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10 Essential Tips to Make Filing a FAFSA Easy

10 Essential Tips to Make Filing a FAFSA Easy - TaxACT

Filing a FAFSA (Free Application for Federal Student Aid) is an important step when getting ready for college. These tips can make filing the application for financial aid easier.

If you or someone in your household is planning to go to college, you’ve probably heard of FAFSA, or Free Application for Federal Student Aid.

The FAFSA is administered by Federal Student Aid, an office of the U.S. Department of Education. This office provides more than $150 billion in federal grants, loans, and work-study funds to post-secondary students every year.

Here are 10 tips to keep in mind when filing a FAFSA:

1. Complete a FAFSA and apply for financial aid, even if you think you won’t qualify

Think your family income is too high for federal student aid? You might be surprised.

If the student attends a public college, his or her family may be able to make up to $80,000 per year and still receive aid. If the student attends private college, however, the family income may be up to twice that amount, and the student may still qualify for aid.

Another good reason to apply, even if you don’t think you’ll qualify, is that you must fill out the Free Application for Federal Student Aid (FAFSA) before you can apply for many other forms of financial aid, including grants from the college or university.

2. Fill out the application online

The easiest and fastest way to file a FAFSA is online on the Federal Student Aid website here.

3. Have your information handy

  • Social Security Number, or Alien Registration Number (if you are not a U.S. citizen).
  • Recent federal income tax returns, W-2 forms, and other proof of income, such as pay stubs.
  • Bank and brokerage statements, and records of any other investments.
  • Records of nontaxable income, such as municipal bonds.

You may also need this information for a stepparent if the student lives with a parent and stepparent.

4. Don’t delay

Allow plenty of time to fill out the application. You’ll need a lot of information, some of which you may need to get from other people. You should complete the FAFSA as close to January 1st as possible, to make sure you meet all federal and state deadlines for financial assistance.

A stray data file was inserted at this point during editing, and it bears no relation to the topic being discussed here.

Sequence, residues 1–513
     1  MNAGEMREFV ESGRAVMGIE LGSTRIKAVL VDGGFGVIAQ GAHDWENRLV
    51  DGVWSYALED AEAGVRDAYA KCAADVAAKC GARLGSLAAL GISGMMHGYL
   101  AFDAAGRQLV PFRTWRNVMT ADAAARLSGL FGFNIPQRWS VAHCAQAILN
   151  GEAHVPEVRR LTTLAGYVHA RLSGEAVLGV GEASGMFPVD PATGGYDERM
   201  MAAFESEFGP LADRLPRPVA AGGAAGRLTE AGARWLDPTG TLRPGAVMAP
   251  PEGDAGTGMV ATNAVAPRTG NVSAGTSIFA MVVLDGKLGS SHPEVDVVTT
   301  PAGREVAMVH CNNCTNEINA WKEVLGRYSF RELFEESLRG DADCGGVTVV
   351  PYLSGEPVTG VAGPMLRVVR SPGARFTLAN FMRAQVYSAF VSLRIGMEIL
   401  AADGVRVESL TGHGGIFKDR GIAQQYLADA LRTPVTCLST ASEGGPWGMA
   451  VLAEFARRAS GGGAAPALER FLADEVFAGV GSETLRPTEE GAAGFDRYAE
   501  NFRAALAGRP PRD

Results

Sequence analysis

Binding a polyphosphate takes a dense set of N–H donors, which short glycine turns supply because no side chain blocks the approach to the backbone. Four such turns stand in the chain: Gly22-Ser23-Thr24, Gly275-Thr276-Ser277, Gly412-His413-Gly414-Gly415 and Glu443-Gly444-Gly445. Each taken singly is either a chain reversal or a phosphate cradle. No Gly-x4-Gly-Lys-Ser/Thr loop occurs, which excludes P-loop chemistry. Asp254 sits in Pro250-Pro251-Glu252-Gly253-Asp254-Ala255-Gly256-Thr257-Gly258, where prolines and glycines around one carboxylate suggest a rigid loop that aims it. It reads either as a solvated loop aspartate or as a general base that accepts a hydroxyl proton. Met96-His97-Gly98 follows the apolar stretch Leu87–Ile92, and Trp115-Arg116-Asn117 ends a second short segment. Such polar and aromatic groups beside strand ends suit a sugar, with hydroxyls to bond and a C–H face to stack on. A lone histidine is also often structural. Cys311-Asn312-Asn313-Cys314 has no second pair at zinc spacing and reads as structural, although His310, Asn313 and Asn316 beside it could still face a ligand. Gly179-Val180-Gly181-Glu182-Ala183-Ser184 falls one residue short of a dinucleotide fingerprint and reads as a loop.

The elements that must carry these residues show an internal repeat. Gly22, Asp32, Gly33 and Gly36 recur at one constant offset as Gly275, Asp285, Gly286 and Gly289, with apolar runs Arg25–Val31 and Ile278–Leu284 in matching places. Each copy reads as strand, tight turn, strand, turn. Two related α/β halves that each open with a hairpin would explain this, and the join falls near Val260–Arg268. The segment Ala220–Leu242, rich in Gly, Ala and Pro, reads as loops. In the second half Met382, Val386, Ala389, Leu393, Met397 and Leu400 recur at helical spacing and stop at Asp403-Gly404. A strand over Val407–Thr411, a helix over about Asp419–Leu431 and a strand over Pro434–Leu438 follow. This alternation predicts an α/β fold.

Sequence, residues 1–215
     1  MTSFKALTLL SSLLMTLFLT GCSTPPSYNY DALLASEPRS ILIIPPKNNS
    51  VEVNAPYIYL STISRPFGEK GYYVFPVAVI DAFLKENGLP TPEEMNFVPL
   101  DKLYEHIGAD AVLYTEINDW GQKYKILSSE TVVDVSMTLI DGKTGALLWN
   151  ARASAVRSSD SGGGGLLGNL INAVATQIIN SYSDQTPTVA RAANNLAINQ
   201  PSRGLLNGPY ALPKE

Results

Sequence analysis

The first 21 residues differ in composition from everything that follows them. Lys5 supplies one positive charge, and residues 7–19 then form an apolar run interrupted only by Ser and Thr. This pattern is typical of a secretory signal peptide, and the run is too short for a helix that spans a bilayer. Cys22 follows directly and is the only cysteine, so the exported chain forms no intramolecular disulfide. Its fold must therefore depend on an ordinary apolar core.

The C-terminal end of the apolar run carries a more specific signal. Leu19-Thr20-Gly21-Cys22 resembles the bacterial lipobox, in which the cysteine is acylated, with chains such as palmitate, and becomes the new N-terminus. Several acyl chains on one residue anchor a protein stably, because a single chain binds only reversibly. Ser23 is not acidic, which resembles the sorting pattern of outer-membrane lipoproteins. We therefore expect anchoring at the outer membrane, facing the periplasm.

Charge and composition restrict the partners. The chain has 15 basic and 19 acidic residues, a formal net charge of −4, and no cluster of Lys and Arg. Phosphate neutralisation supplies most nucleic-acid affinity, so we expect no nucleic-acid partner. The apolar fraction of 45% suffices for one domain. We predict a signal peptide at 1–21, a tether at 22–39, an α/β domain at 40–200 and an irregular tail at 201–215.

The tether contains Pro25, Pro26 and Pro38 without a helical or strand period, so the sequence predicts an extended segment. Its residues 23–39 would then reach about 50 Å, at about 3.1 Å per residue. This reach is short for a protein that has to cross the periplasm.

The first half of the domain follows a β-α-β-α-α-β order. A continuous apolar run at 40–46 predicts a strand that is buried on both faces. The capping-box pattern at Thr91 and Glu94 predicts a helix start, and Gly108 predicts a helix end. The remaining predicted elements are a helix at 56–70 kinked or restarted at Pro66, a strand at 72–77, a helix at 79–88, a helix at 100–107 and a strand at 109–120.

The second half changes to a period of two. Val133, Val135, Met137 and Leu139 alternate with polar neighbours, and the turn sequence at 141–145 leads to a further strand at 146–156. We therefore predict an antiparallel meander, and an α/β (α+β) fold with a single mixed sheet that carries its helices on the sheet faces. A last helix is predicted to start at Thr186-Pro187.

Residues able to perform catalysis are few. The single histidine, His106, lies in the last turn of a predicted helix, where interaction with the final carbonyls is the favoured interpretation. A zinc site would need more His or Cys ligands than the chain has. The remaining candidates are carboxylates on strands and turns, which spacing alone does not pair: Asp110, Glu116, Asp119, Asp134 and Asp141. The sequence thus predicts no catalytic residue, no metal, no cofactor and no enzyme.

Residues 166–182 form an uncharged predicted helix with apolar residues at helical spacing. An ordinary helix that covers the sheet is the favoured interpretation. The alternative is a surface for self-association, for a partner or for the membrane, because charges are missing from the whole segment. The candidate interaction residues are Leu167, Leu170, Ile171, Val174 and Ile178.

5. Get a Federal Student Aid PIN

You’ll need a PIN (personal identification number) to sign the FAFSA electronically. Visit pin.ed.gov to get a PIN.

6. Be sure you know who is considered the child’s parent

If the student’s legal parents are married or not married and living together, use the financial information for both parents. This is true whether the parents are of the same or opposite sex.

If the student’s parent is widowed or never married, use that parent’s financial information.

If the parents are divorced or separated and not living together, use the information for the parent with whom the student lived the most during the last 12 months. If the student lived with each parent the same amount of time, use information for the parent who provided the most financial support.

7. Estimate numbers if you’re filing a FAFSA before you complete your income tax return

If you haven’t finished your tax return for the previous year, don’t let that stop you. You can always update the numbers if you need to later.

8. File a FAFSA every year the student should be considered for financial aid

Yes, you get to do this again – and again. You won’t start from scratch, though. You just make adjustments as necessary each year.

9. Learn about the different types of student aid available through the U.S. Department of Education

Grants are just one type of student aid. Grants do not have to be paid back. The four types of federal student grants are:

Federal Pell Grants. Up to $5,550 (2014-2015 year) is awarded to undergraduate students based on financial need and other factors.

Federal Supplemental Educational Opportunity Grants (FSEOG). These grants are awarded to students with exceptional financial need, based on availability of funds at the college.

Teacher Education Assistance for College and Higher Education (TEACH) Grants. This aid is available for students who intend to teach in public or private schools that serve students from low-income families.

Iraq and Afghanistan Service Grants. These grants are for dependents of members of the Armed Forces who died as the result of military service in Iraq and Afghanistan.

Applying for FAFSA can also help a student get scholarships and student loans.

10. Get a jump start on the FAFSA by using TaxACT’s FAFSA Summary Worksheet

TaxACT’s printable College Financial Aid Worksheet includes all the tax information you need to complete the FAFSA online at fafsa.ed.gov.

After entering your tax information into your TaxACT return, your College Financial Aid Worksheet will be ready in the Review tab.

How important do you think it is for a person to try to graduate from college debt free?

Photo credit: 96dpi via photopin cc

About Sally Herigstad

Sally Herigstad is a certified public accountant and personal finance columnist and author of Help! I Can't Pay My Bills, Surviving a Financial Crisis (St. Martin's Griffin). She writes regularly at CreditCards.com, Bankrate.com, Interest.com, RedPlum, and MSN Money. She is an experienced speaker and a member of Toastmasters International. Follow Sally on Twitter.